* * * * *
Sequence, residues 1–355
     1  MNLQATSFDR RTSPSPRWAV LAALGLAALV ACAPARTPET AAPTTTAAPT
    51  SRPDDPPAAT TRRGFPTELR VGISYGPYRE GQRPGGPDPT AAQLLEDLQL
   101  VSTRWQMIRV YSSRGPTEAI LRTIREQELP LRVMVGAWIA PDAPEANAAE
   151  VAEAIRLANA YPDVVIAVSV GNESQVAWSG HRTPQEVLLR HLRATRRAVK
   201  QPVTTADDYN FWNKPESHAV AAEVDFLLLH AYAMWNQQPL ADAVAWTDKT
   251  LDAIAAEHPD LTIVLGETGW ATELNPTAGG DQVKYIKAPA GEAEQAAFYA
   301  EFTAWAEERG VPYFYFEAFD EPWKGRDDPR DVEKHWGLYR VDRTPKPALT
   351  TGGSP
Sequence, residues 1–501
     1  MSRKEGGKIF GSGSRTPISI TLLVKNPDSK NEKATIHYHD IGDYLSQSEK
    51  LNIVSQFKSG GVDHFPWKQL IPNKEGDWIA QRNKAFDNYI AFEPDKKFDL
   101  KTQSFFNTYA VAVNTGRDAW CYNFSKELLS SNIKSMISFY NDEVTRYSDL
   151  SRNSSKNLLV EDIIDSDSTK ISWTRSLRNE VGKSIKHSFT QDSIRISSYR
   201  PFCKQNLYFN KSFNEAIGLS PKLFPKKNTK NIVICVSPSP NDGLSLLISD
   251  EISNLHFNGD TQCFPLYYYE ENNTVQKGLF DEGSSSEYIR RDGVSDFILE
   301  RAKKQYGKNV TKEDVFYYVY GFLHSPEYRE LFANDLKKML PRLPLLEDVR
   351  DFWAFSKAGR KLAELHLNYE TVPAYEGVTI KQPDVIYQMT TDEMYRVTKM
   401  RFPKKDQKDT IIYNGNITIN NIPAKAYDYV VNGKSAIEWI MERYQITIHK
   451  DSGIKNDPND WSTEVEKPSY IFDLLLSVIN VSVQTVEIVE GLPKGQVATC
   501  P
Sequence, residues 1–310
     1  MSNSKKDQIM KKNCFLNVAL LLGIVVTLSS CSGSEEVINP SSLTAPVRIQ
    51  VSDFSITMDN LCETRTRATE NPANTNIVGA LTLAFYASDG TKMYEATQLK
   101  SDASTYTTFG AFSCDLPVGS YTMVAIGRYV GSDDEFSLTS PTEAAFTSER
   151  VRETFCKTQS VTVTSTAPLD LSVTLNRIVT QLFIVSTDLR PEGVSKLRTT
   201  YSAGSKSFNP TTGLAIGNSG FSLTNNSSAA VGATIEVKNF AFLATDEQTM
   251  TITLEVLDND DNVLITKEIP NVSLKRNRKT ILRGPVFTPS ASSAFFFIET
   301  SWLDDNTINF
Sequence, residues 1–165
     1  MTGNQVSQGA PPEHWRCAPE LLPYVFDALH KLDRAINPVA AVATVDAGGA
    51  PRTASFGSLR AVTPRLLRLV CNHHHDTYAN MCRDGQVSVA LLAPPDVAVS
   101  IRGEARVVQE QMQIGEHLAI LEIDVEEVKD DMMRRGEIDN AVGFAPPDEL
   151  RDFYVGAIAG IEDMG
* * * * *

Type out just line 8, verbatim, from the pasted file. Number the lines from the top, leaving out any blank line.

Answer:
   301  EFTAWAEERG VPYFYFEAFD EPWKGRDDPR DVEKHWGLYR VDRTPKPALT